Polish archaeologists uncover oldest temple in Persian Gulf region
PR dla Zagranicy
A Polish-Kuwaiti team of archaeologists have unearthed a 7,000-year-old temple, the oldest in the Persian Gulf region, according to a report.
Photo: Free-Photos/pixabay.com/CC0 Creative Commons
Other places of worship found in the area were erected at least 2,500 years later.
The discovery was made at a pre-historic settlement dating back to 6,000 BC, located at northern Kuwait’s Al-Subijah desert.
The temple was found among numerous houses stretching for 200 metres.
The group uncovered the remains of an ash-filled hearth, excavation manager Professor Piotr Bieliński from the Center of Mediterranean Archeology at the University of Warsaw told PAP.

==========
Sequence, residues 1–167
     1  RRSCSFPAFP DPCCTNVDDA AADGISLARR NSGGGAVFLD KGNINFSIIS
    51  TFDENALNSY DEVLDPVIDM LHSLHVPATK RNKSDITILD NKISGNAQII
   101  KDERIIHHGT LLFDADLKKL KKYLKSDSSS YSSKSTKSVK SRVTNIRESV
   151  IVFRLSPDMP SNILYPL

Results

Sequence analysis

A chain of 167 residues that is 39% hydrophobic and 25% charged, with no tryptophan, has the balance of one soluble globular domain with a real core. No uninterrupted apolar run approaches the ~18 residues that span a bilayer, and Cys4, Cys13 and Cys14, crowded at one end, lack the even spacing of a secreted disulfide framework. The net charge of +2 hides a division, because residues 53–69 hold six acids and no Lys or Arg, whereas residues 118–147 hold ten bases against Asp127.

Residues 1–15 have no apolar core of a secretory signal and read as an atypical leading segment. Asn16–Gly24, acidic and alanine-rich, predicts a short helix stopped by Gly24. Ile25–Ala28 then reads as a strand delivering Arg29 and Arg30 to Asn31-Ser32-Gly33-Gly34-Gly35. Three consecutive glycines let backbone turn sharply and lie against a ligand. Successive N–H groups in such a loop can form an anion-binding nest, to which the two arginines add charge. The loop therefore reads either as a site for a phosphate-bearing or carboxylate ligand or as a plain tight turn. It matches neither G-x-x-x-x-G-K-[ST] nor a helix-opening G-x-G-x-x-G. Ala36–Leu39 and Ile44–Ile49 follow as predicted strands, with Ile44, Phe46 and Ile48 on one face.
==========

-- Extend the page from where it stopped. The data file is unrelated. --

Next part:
Bieliński said the temple displayed the influences of the Ubaid culture of ancient Mesopotamia.
Bieliński added: “The newly discovered building is very similar to another site known by archaeologists as the Eridu temple, situated in southern Mesopotamia,” where the Ubaid culture was widespread, PAP reported.
In another finding, the team unearthed the fragments of a square -- an Ubaid site unlike any found in Mesopotamia -- located at the heart of the early settlement.